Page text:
When we speak about educating the next generation of theater artists and technicians we are not really telling the whole story — in fact, we are reaching out to the next TWO generations of theater artists. We do this by means of our outreach program, of which the lynchpin is our student matinee for middle and high school students.
Every year, we schedule student matinee performances for two of our productions and invite students from Massachusetts, Vermont and Connecticut to join us in the theater. To round out the experience — for many, their first with live theater — we offer pre-show workshops, study guides, post-show question-and-answer sessions, and backstage tours.
With the exception of tickets to the performances themselves, all of our outreach resources are FREE.
Information on this page:
Student matinees help teachers meet requirements of the state's Arts Curriculum Frameworks by introducing children to live performance and serving as a springboard to the kind of critical thinking about the arts that the frameworks want every child to learn. We keep them affordable so the greatest possible number of students can go: $8 per student, only $6 per student for groups of 20 or more. Chaperones are FREE.
Matinees for 2012-2013:
Music by Jeanine Tesori, libretto by Brian Crawley,
based on the short story "The Ugliest Pilgrim" by Doris Betts
Directed by Carol Becker
The Rand Theater
10 a.m on Dec. 5
What does it mean to be truly healed? This is the central question behind Violet: The Musical. Disfigured by an axe blade as a child, Violet embarks on an emotional journey to have her facial scar healed by a televangelist. On her cross-country travels, she encounters two soldiers, Flick and Monty, who challenge how she sees herself. As their friendship grows, Violet realizes that she shares a common bond with Flick as they both yearn to be connected to a world that has criticized and mocked them. Flick and Violet must make the decision to either submit to the ignorance of those around them – or to rise above it.
Interested in bringing a group? Email the public relations director or call 545-6808.
The shows students see will spark questions, comments, and observations. To give them a chance to talk things over, we offer a 20- to 30-minute Q&A with the director, members of the cast, and other members of the production.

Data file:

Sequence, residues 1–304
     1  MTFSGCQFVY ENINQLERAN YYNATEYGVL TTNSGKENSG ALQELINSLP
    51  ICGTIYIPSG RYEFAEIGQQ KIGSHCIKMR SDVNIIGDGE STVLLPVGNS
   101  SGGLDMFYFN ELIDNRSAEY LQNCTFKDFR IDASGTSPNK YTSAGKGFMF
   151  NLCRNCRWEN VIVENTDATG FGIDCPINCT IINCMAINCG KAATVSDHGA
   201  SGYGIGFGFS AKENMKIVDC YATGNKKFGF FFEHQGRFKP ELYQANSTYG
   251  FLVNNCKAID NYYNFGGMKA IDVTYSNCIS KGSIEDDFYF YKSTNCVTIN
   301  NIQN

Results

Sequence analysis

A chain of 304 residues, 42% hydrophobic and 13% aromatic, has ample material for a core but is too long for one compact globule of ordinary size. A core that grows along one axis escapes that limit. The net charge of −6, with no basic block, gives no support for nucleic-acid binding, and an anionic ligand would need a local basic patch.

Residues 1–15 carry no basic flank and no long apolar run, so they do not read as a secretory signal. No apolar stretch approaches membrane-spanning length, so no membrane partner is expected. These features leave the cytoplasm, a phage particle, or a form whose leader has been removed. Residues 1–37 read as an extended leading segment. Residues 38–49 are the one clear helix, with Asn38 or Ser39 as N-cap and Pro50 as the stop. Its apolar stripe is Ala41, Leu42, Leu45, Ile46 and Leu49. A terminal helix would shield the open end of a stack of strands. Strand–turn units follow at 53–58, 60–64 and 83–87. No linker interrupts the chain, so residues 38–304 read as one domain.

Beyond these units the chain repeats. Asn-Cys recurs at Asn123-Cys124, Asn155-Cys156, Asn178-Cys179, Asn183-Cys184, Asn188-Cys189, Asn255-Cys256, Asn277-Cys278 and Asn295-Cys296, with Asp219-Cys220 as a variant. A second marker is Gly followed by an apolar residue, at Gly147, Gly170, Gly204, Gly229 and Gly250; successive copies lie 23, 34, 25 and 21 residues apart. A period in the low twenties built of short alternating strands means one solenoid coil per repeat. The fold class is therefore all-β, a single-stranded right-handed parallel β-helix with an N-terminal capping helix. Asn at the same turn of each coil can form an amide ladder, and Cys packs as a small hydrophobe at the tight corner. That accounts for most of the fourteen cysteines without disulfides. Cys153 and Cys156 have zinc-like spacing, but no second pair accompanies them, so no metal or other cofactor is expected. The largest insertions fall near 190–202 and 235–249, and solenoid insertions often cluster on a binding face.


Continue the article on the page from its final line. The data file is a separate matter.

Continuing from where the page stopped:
Immediately following each matinee.
Helps teachers encourage critical thinking and analysis about the performance students have just seen, and often gives students with an interest in higher education in the arts the chance to ask college students about their experience.
Our study guides are paired with our student matinees and offer a helpful overview of the production students are about to see. Guides generally include a plot synopsis and biographical information on the playwright. Other information is tailored to the needs of the production and may include historical context, an interview with the director, an overview of a theatrical genre or performance style, or important issues touched on in the play. We strongly recommend that students read the guide before seeing the show, especially if they are not reading the play in class. Study guides are posted as PDF for download about 4 weeks before the Schools Matinee performance.
Past study guides are archived in the sidebar.
Helps teachers address elements of the English and Arts Curriculum Frameworks including those related to reading comprehension, dramatic and classic literature, critical thinking, critical response, and more.
Generally — but not exclusively — timed to prepare students for an upcoming matinee, we offer students a chance to delve deeper into the world of theater. In workshops tailored to the group's needs and experience level, we talk about theater, review theater etiquette, and ask students to participate in exercises that will help them better understand the matinee production they'll be seeing. Exercises include acting games, discussions, journaling and more, as appropriate to the production, and are led by graduate and undergraduate students in the department who are involved in the production.
If a workshop is not focussed around an upcoming matinee, we speak more generally about the world of theater, teach them introductory acting techniques, and get students thinking about the many elements that go into putting on a show.
Helps teachers introduce students to the world of theater, both onstage and behind the scenes, and gives students the tools to analyze what they will see onstage in our matinees or any other productions they may see in the future.
How do we do it? Audience members often wonder about the costumes, sets, lights, and the other elements that may have gone into putting a production together. We give away our secrets on our guided backstage tour, where students get a chance to walk on stage, view the scene and costume shops, learn about the equipment we use to make the play run smoothly, and see the sets and props up close. Tours are led by production stage managers.
Immediately following each matinee, must be requested in advance.
Introduces students to technical elements of the theater.
To request any of these services or resources, or for more information, email the public relations director or call 545-6808.